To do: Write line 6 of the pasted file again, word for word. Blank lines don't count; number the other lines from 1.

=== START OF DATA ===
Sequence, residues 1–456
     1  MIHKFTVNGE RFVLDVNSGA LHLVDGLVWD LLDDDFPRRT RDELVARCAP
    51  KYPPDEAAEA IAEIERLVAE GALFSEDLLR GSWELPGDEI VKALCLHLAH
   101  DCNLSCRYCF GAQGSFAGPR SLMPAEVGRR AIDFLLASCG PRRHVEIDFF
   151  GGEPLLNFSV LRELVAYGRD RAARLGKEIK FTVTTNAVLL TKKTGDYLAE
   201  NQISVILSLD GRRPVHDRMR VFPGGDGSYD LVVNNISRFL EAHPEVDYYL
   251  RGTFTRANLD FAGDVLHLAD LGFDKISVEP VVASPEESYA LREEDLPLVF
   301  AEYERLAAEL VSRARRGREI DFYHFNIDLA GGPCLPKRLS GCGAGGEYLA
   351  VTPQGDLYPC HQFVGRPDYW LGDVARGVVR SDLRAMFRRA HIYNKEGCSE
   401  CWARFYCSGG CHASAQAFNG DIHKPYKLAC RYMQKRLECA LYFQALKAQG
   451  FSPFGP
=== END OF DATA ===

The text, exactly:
   201  NQISVILSLD GRRPVHDRMR VFPGGDGSYD LVVNNISRFL EAHPEVDYYL